Diversified conglomerate San Miguel Corp. said it will pursue the expansion of its food and beverage, power and infrastructure businesses, including the proposed $12-billion airport project in Bulacan province, even as the domestic economy is still grappling from the effects of the coronavirus pandemic.
San Miguel president and chief operating officer Ramon Ang said in a message to shareholders as contained in the company’s 2019 annual report that the group would continue the expansion projects of its food business, the construction of new breweries in Cagayan de Oro and Sta. Rosa, Laguna, development of new unit of Masinloc Power Plant and the Battery Energy Storage System project.
Ang said San Miguel would also continue to implement its infrastructure projects such as the Skyway Stage 3, Skyway Extension, Metro Rail Transit Line 7, Tarlac-Pangasinan-La Union Expressway which are essential not just in keeping the economy going, but also in dealing with the issue of congestion.
He said that while the airline industry is one of the hardest hit by the pandemic, San Miguel was still keen on developing the proposed airport project in Bulacan.
“We don’t know how this pandemic will affect global travel in the medium-term, but we are still pushing through with our plans to build the airport,” Ang said.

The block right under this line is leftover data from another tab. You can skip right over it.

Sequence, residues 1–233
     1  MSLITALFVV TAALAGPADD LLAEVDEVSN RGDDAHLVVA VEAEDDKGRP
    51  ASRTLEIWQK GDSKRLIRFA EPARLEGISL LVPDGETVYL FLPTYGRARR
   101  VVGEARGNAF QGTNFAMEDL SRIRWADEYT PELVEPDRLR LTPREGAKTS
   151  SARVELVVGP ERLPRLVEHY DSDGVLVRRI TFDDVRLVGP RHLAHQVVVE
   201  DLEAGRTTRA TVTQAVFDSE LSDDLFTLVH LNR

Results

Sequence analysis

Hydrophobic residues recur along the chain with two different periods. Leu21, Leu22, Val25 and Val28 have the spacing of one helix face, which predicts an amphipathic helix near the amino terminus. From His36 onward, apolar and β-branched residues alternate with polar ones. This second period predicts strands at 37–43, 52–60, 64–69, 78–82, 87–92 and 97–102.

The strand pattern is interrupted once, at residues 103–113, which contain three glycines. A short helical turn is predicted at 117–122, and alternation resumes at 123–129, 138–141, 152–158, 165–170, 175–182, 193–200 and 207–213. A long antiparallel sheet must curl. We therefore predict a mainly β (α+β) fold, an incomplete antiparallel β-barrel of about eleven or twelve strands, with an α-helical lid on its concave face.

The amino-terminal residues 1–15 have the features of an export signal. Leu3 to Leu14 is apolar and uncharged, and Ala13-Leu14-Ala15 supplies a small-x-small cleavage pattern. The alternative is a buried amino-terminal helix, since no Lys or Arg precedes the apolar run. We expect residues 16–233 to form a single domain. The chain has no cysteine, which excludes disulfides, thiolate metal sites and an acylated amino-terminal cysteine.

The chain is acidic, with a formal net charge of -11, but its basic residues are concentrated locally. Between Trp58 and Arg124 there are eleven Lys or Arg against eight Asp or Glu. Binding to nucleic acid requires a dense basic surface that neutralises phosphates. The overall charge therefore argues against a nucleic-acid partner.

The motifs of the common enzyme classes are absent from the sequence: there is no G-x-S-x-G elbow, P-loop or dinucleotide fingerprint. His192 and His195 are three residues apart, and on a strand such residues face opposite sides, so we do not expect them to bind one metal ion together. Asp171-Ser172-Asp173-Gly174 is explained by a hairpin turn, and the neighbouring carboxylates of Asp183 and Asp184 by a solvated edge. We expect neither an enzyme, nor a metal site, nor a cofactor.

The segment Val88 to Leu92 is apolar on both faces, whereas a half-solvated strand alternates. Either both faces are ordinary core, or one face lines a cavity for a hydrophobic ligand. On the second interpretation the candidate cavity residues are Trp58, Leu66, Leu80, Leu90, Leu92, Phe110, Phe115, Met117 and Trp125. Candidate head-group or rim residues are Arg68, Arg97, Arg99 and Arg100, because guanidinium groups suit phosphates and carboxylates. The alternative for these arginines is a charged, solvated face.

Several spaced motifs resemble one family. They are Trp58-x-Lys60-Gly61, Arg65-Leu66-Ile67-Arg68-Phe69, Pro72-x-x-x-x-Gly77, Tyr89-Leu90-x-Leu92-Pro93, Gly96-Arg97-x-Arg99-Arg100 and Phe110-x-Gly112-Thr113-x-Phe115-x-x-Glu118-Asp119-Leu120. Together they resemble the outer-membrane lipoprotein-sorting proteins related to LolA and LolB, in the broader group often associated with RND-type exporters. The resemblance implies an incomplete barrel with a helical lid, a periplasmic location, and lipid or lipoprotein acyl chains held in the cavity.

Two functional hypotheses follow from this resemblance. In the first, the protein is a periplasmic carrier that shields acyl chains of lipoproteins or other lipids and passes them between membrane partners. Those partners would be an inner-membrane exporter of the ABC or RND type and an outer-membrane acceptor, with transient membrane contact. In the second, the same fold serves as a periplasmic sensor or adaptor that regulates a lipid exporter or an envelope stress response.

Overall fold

“We still believe that a world-class airport is key to sustaining our economic growth and solving our air transport congestion problems,” he said.
The group’s food business managed to register growth during the lockdown period. In order to bring its products to the consumers, the group set up new and non-traditional selling channels, including tapping community resellers and ramping up selling through online channels.
“Within a fairly short amount of time, we were able to launch order through sanmiguelfoods.com. This serves as a safer, more convenient way for our customers to buy our products. So definitely, these channels will be part of our new normal,” Ang said.
Ang said the company was already seeing a slow recovery as the country shifted from enhanced community quarantine to general community quarantine.
“Until there’s a vaccine, the battle with COVID-19 is far from over. It’s going to be a gradual recovery, and already we’re seeing a lot of improvement because of the shift to GCQ starting in June,” Ang said.
“There will be challenges we can’t foresee, but as always, San Miguel will be resilient. We will adjust, improve and adapt. If there is one thing in these uncertain times that we can be sure of, it’s that in all major crises that San Miguel has faced, we always come out stronger,” Ang said.